Eastern New York Commercial Horticulture Enrollment

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Managing Anthracnose Fruit Rot of Blueberries

Laura McDermott, Team Leader, Small Fruit and Vegetable Specialist
Eastern New York Commercial Horticulture

May 24, 2018

anth. blue

Anthracnose (Colletotrichum acutatum) is a serious pre- and post-harvest fruit rot in most blueberry growing regions. The flowers are infected early in the spring.  Cane, twig, and leaf lesions are more sporadic.

Symptom: The fruit rot manifests itself as sunken areas on ripe fruit with gelatinous, orange spore masses. On young canes, lesions are dark brown with fruiting bodies in concentric circles. On twigs, dark brown lesions may originate from infected buds and kill part of the twig. On the leaves, lesions look reddish brown with distinct borders. Salmon-pink spore masses may appear on infected tissues under humid conditions.

Disease cycle: The fungus overwinters in infected twigs, old fruiting spurs and live buds. In spring and summer, spores produced on infected tissues are dispersed by rain and cause new infections. Spores are released between bloom and early fruit development. Prolonged wetness (12 hours or more) and temperatures of 68-77F (20-25C) promote disease development. Fruit infections remain latent until the fruit starts to ripen or until after harvest.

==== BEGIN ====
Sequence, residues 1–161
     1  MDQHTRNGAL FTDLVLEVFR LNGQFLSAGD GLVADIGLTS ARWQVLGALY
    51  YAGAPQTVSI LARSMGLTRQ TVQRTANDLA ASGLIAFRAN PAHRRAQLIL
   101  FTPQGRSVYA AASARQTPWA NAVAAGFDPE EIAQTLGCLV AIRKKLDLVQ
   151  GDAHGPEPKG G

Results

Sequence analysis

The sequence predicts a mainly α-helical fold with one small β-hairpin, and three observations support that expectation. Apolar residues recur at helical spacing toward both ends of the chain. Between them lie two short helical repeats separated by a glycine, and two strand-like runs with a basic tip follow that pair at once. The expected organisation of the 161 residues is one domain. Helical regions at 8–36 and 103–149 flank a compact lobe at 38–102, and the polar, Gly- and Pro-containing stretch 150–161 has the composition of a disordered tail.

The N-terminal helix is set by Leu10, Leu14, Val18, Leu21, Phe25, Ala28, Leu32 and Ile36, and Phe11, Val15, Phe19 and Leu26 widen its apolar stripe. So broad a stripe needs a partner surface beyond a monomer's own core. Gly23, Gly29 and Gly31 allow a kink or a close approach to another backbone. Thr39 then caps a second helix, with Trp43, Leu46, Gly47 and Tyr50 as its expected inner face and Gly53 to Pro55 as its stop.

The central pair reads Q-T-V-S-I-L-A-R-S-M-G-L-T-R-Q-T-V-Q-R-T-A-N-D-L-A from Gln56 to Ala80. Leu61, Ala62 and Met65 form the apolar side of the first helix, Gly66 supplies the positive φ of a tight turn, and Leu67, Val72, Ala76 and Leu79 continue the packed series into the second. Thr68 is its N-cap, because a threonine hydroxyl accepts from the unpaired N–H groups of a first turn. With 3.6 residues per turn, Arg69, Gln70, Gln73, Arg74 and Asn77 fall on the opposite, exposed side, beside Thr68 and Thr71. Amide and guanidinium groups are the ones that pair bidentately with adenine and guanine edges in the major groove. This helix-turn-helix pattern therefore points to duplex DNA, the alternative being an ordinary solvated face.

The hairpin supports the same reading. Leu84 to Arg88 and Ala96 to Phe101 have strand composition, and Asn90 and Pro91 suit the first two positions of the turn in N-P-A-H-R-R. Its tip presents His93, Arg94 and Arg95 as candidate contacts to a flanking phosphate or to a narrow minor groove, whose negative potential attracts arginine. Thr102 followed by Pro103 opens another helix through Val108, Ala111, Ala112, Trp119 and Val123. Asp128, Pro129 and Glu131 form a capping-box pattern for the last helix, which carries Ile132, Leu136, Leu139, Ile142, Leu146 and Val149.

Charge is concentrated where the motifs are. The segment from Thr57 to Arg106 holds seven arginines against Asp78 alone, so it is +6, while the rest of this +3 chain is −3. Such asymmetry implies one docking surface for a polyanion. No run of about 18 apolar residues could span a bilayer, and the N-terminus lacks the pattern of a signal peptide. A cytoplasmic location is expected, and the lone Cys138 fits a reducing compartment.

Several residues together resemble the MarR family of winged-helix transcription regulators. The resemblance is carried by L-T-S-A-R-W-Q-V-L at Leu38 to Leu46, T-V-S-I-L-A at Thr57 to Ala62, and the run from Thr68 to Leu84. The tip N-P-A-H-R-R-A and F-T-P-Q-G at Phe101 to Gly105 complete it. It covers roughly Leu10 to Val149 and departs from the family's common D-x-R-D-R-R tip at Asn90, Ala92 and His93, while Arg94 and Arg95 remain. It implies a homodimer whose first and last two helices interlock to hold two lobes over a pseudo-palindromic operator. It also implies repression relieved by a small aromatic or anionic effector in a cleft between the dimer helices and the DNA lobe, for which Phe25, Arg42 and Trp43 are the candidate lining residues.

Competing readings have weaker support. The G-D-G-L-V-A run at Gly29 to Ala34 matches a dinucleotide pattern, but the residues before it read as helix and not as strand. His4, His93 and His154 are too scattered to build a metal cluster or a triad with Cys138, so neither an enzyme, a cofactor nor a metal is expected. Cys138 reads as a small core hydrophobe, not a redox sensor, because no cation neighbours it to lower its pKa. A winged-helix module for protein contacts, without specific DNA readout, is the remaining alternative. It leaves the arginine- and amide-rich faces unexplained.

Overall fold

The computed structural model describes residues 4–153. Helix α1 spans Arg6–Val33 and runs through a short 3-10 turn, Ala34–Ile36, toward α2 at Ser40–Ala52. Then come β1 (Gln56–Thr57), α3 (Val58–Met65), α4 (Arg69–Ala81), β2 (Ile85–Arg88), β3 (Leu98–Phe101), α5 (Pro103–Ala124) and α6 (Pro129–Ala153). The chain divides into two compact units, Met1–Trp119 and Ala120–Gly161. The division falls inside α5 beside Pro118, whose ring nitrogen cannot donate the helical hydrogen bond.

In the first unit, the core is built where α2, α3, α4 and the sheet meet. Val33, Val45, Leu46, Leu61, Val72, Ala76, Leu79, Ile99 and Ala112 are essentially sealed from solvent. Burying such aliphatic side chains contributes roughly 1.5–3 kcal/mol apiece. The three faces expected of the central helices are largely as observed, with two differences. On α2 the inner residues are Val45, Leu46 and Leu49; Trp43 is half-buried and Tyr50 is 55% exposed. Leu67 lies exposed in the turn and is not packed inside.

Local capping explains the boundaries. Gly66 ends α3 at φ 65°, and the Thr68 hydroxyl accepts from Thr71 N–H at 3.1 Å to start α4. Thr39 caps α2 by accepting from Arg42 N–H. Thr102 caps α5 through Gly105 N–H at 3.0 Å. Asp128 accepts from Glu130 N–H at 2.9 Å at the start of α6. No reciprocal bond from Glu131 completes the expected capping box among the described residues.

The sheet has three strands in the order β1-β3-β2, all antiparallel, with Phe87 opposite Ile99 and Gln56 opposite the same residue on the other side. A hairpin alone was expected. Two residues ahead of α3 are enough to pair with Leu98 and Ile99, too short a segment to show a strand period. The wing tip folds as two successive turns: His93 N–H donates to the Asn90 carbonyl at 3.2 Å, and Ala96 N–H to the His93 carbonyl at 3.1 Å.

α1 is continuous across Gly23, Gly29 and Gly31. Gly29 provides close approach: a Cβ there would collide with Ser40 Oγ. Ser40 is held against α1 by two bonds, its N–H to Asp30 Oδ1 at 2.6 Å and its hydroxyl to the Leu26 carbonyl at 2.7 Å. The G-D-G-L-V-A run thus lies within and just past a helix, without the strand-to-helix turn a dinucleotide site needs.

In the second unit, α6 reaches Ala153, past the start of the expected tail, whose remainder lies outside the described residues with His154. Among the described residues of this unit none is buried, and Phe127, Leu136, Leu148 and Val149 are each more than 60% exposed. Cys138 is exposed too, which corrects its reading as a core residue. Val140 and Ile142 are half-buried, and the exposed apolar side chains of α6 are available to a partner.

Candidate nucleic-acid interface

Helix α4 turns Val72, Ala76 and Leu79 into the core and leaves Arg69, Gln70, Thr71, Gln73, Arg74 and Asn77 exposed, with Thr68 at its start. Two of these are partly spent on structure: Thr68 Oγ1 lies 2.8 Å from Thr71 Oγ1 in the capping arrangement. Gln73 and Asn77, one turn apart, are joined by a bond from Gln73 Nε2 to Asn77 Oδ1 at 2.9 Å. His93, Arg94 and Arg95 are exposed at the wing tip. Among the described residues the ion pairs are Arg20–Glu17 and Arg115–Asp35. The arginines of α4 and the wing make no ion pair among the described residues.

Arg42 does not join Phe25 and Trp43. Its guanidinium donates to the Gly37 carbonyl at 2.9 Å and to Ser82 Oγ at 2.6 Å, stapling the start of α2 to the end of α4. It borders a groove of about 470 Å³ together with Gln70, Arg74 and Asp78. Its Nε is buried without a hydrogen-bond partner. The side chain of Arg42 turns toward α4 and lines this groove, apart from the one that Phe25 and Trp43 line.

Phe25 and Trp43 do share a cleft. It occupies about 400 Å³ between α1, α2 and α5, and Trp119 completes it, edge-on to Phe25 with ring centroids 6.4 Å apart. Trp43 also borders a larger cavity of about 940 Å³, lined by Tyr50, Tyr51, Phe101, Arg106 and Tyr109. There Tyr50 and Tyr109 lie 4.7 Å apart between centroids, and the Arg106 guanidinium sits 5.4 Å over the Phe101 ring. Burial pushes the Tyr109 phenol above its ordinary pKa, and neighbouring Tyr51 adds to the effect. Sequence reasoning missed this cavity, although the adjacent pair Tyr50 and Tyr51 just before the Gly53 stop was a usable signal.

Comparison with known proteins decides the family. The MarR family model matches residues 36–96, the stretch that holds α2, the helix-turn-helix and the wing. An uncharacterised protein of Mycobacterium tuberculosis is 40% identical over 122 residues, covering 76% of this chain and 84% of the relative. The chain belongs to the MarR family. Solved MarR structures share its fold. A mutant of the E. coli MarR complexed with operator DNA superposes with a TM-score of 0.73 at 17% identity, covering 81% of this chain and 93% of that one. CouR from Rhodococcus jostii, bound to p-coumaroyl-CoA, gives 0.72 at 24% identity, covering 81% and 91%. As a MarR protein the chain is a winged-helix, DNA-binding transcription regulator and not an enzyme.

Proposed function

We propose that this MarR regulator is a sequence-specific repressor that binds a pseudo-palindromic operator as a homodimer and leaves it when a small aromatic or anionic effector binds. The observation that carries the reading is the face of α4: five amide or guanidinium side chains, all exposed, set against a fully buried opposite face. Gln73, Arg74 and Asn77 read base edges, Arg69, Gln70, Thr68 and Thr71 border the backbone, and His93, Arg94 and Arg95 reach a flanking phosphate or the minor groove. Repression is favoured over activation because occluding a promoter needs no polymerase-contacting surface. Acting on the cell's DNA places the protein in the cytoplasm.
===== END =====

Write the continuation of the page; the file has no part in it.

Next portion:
Management: Prune out old or infected wood; create an open canopy to reduce humidity and increase spray penetration; plant resistant cultivars; limit overhead irrigation; harvest in a timely manner; cool fruit rapidly after harvest; apply effective fungicides from pink bud to harvest.  Abound, Serenade Max, Bravo, Captevate are just a few of them.  Double Nickel has some efficacy for organic growers.  If you are spraying for mummyberry you will likely take care of anthracnose.  To prevent recurrence the following year, make sure to apply petal fall spray.  For additional materials that are labelled in NYS, refer to your 2018 Cornell Berry Pest Management Guidelines.  Photos were taken by C. Heidenreich, Cornell University.  Additional information can be obtained through Michigan State University fact sheet


This article was printed in the May 24th issue of the CCE ENYCHP Berry News.  To view the full newsletter click here.



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Pumpkins / Gourds

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Raspberries / Blackberries

Raspberries / Blackberries

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Squash - Summer

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Upcoming Events

New York Labor Roadshow VII

December 15, 2023
Greenwich, NY

New York Labor Roadshow VII: December 2023 Offered by New York's Ag Workforce Development Council

New York's Ag Workforce Development Council (AWDC) is currently organizing Labor Roadshow VII.  The Eastern NY event will be held on December 15 in Greenwich, NY from 8:30-4:15.

View New York Labor Roadshow VII Details

Announcements

2023 Spotted Wing Drosophila Monitoring/Management

All berry farmers are watching for monitoring reports that indicate Spotted Wing Drosophila (SWD) adults are in their region. Mid-season berry crops should be sprayed as soon as berries begin to ripen unless you've elected to use insect exclusion netting.